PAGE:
January 1993. On January 26, Cornelius sends another memo to Watkins on taking over the functions of the White House Travel Office. Later that month, the second prong of the conspiracy appears when Darnell Martens sends a memo to Hollywood producer Harry Thomason, his partner in the aircraft consulting firm TRM and a close Clinton friend, laying out a plan for a large-scale consulting project involving all nonmilitary government aircraft.
February 1993. Martens attempts to insinuate himself into the White House charter business by approaching Billy Dale, director of the White House Travel Office. Dale turns him down flat. The president's fingerprints first surface on February 10, when he remarks at a Cabinet meeting that he has been advised that lots of money could be saved by reviewing the operation of all government aircraft. The next day, Martens writes a second memo to Thomason, proposing a $500,000 inventory of the nonmilitary government air fleet to be conducted by TRM. Thomason gives it to Clinton, who notes on the memo that "these guys are sharp" and forwards it to Chief of Staff Mack McLarty and David Watkins for action. Meanwhile, on February 15 Cornelius gives Watkins a third document on taking over the Travel Office.
March 1993. Martens complains to Thomason about being rebuffed by Billy Dale and also passes on rumors of corruption in the Travel Office. Thomason, in turn, passes them on to Clinton and Watkins. Acting on the rumors, Watkins assigns Cornelius to the Travel Office with orders to report back by May 15 on what she observes.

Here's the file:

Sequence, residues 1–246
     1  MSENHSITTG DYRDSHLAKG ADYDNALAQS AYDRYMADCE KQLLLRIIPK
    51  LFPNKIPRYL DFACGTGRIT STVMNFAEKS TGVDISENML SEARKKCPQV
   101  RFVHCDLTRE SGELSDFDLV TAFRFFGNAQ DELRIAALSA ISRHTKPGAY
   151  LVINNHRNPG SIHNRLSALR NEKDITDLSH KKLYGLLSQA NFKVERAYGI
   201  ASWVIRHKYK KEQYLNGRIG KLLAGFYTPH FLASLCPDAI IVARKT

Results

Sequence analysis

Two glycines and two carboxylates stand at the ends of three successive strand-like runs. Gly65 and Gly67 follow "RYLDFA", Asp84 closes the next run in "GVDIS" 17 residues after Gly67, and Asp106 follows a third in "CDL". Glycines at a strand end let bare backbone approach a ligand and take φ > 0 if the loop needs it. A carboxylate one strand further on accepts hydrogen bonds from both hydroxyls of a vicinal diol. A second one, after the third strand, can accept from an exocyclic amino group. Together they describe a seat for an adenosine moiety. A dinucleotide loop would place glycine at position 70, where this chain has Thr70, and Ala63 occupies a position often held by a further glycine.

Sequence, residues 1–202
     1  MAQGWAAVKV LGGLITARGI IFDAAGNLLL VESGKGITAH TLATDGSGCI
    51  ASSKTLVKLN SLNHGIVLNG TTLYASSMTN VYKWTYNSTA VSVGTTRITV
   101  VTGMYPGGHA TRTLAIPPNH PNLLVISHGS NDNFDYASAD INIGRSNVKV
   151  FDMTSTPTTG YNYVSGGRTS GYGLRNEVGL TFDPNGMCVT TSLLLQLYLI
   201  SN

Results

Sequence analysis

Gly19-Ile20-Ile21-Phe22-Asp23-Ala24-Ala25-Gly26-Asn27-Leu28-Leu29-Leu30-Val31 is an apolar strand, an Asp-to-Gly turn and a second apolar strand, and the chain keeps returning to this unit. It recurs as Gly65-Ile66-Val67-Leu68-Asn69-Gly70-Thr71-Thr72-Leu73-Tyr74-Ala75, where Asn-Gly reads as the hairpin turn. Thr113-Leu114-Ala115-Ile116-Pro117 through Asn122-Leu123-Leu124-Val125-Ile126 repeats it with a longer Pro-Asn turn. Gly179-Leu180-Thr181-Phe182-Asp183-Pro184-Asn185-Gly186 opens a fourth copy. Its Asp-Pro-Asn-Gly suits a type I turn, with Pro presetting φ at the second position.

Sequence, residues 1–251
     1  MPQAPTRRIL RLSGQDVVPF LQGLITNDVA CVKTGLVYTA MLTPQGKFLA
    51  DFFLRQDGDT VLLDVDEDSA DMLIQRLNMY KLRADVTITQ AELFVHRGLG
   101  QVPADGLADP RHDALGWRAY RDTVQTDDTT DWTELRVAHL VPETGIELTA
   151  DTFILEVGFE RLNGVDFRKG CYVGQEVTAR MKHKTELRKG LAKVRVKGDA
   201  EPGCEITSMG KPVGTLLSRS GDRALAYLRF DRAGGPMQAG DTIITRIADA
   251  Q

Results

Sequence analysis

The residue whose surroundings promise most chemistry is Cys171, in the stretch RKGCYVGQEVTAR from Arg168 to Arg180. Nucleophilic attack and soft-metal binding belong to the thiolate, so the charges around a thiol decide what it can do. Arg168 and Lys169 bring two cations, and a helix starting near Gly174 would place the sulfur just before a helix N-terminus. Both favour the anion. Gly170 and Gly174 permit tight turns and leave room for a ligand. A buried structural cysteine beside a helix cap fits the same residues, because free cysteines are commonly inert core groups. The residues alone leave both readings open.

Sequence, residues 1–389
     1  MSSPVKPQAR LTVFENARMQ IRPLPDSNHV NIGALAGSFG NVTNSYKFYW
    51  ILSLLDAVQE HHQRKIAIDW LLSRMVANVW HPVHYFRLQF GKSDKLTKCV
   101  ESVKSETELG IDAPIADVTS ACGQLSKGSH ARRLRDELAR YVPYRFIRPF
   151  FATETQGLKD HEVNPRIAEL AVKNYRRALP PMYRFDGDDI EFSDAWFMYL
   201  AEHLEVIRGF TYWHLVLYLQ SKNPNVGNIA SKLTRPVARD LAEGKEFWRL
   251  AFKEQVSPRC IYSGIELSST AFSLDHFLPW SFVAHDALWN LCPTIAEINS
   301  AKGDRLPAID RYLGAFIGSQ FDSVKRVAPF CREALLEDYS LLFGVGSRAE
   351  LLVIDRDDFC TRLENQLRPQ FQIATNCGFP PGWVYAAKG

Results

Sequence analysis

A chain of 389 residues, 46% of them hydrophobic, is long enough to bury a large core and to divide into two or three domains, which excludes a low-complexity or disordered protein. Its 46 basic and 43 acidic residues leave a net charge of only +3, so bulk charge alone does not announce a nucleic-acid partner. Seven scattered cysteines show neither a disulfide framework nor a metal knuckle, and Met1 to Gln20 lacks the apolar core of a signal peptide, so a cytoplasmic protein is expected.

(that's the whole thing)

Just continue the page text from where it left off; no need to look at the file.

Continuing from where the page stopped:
April 1993. Cornelius removes files from the White House Travel Office and takes them home. Martens meets with presidential aide Bruce Lindsay and sends a memo urging him to have the president issue an executive order on the audit of nonmilitary planes and give the job to TRM.
So far, so good. They can't lay a glove on Hillary. By contrast, the president's fingerprints are all over Thomason's prong of the conspiracy. Thomason, in turn, can be seen supporting the Cornelius prong of the conspiracy to put more friendly faces in the Travel Office and give him and Martens a shot at brokering the White House charter business. Watkins is just following orders. As the president already told him, Thomason is "sharp," and Watkins knows that Thomason and his wife are old-time Arkansas FOBs. Hillary, by contrast, is nowhere to be seen.